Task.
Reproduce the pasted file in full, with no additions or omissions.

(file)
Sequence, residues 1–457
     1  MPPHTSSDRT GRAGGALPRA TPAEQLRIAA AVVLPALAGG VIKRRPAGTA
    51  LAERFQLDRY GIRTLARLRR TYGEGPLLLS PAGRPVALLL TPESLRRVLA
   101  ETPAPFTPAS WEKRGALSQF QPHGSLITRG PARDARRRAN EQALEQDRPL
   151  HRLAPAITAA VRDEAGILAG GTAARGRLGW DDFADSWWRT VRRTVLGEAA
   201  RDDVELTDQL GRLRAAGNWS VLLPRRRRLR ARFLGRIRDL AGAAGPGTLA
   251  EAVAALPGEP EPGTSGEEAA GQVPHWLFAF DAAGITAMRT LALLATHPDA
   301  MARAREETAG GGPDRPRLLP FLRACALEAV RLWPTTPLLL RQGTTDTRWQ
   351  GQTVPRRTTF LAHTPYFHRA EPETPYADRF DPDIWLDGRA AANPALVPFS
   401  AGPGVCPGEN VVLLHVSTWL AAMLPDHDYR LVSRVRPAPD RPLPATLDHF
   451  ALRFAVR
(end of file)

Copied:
Sequence, residues 1–457
     1  MPPHTSSDRT GRAGGALPRA TPAEQLRIAA AVVLPALAGG VIKRRPAGTA
    51  LAERFQLDRY GIRTLARLRR TYGEGPLLLS PAGRPVALLL TPESLRRVLA
   101  ETPAPFTPAS WEKRGALSQF QPHGSLITRG PARDARRRAN EQALEQDRPL
   151  HRLAPAITAA VRDEAGILAG GTAARGRLGW DDFADSWWRT VRRTVLGEAA
   201  RDDVELTDQL GRLRAAGNWS VLLPRRRRLR ARFLGRIRDL AGAAGPGTLA
   251  EAVAALPGEP EPGTSGEEAA GQVPHWLFAF DAAGITAMRT LALLATHPDA
   301  MARAREETAG GGPDRPRLLP FLRACALEAV RLWPTTPLLL RQGTTDTRWQ
   351  GQTVPRRTTF LAHTPYFHRA EPETPYADRF DPDIWLDGRA AANPALVPFS
   401  AGPGVCPGEN VVLLHVSTWL AAMLPDHDYR LVSRVRPAPD RPLPATLDHF
   451  ALRFAVR